back for the visitors right at the start of the second half and then in the closing minutes a zouma own goal earned sheffield united a point. a very frustrating afternoon for chelsea's new manager. it was under control, so it's our fault. because we gifted them a goal in the first minute of the second half. and then it makes the game more difficult. so it gave them a figure and they were back in it, a similar story to some other games we played. and they fought to the end, and they got the goal at the end, so we gave away a game that should have been very, very comfortable. made it difficult, and we lost our smack points for that. we have celebrated, we have talked about the journey, but we have gotten league 13 years ago, so you know, we have come to a fantastic historic football club, especially second going toe to toe with them. in my opinion, in my biased opinion cani in my opinion, in my biased opinion can i do believe we deserve something from the game. no surprises and no wobble at the etihad,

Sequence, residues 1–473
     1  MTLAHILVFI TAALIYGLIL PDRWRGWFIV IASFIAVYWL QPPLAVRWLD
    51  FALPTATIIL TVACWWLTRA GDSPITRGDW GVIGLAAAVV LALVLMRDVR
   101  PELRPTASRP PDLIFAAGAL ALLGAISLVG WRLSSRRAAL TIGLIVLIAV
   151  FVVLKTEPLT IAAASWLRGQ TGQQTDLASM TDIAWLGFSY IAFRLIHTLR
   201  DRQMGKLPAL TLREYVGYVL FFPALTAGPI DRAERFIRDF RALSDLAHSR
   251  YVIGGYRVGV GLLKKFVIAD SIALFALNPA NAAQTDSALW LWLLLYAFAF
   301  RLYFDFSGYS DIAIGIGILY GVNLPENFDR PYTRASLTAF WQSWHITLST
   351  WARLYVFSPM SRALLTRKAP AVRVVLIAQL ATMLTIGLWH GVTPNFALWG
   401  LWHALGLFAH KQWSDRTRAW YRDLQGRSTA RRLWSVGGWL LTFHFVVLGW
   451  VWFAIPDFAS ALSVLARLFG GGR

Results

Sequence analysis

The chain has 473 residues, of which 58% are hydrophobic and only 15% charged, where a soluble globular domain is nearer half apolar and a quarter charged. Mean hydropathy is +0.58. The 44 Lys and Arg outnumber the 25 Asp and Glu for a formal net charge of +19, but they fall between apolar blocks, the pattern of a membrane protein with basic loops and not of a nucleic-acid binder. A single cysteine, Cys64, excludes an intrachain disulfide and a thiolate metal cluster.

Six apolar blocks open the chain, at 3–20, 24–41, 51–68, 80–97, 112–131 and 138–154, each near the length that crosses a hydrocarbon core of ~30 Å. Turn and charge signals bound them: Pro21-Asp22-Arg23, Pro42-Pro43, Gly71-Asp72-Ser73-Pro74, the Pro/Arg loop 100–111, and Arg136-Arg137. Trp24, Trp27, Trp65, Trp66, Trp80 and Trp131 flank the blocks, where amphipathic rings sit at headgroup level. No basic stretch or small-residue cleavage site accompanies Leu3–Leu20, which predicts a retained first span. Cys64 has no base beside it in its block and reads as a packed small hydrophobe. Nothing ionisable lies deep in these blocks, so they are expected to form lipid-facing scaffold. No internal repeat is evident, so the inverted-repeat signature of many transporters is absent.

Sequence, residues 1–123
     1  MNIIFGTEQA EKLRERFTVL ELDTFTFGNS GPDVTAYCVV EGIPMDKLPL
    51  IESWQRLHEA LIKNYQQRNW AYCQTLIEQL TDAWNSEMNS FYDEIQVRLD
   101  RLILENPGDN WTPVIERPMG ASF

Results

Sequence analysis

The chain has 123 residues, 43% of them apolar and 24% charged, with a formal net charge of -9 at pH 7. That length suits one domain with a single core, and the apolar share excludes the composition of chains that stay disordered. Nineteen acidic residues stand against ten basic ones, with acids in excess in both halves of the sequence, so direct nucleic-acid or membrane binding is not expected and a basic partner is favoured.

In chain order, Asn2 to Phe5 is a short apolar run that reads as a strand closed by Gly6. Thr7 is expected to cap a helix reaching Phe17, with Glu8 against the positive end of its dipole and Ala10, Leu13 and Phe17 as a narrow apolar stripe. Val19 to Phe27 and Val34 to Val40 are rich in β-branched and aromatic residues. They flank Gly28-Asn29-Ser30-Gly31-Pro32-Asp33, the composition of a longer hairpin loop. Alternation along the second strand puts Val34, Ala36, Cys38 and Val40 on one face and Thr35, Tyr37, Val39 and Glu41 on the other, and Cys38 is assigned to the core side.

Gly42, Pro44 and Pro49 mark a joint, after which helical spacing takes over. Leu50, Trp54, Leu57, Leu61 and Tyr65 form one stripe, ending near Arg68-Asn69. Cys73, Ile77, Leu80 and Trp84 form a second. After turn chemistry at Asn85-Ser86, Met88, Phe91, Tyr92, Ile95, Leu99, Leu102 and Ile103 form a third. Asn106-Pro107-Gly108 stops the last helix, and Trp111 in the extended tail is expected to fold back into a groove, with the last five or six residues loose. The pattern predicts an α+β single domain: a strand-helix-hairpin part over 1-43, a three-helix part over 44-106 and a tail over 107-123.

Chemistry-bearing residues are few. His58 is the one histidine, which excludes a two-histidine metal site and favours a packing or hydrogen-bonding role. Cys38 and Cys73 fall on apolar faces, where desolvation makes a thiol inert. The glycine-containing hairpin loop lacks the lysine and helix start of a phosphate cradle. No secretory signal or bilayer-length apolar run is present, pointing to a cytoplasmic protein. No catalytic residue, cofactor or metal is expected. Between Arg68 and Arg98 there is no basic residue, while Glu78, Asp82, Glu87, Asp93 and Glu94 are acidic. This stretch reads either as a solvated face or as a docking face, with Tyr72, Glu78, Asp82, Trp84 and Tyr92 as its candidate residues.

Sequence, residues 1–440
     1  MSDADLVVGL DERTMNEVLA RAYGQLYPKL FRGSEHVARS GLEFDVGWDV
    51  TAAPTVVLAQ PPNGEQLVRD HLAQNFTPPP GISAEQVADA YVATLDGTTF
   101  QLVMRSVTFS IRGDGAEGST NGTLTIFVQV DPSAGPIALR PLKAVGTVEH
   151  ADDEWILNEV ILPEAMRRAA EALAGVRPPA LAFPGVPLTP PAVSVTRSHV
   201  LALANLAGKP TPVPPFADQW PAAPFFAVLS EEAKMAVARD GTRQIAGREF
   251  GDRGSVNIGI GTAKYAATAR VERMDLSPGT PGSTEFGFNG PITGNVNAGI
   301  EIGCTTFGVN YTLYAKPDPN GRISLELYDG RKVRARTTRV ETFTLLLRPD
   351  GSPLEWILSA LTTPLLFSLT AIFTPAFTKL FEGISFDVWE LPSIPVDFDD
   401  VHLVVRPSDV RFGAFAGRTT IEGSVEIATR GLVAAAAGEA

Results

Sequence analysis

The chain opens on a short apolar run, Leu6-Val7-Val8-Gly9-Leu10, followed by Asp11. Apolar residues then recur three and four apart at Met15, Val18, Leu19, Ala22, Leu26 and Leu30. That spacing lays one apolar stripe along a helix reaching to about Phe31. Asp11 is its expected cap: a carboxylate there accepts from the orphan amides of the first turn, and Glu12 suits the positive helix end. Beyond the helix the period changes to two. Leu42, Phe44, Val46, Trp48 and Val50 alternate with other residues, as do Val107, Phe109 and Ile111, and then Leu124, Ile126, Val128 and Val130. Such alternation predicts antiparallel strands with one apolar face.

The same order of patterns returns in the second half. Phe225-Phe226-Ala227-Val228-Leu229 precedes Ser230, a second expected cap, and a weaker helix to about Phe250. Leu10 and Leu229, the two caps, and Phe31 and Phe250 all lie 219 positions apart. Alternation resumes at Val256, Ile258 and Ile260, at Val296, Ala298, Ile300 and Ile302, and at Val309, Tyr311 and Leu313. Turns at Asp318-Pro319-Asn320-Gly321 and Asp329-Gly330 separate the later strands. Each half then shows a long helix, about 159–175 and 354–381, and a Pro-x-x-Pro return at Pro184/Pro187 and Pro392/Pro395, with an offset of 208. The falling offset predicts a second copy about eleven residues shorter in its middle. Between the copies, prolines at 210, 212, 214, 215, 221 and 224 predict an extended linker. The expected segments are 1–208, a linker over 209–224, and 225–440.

where manchester city strolled to victory at home to brighton. 4—0 was the score. kevin de bruyne put city ahead in the second minute. two goals followed for sergio aguero and one for bernardo silva. city go top of the table ahead of liverpool's match at burnley later. crystal palace followed last week's win at old trafford with victory at home to aston villa. jordan ayew scored the only goal of the game on 73 minutes. there was controversy at the end, with aston villa, who were down to ten men after having trzeguet sent off early in the second half, had a goal disallowed in injury time. palace move onto seven points. they were not happy. city, sorry, palace they were not happy. city, sorry, pa la ce m ove they were not happy. city, sorry, palace move on to seven points. elsewhere, leicester won 3—1 at home to bournemouth, newcastle and watford shared the points in 1—1 draw — watford's first point of the season — and west ham beat norwich 2—0. burnley and liverpool have just kicked off at turf moor, liverpool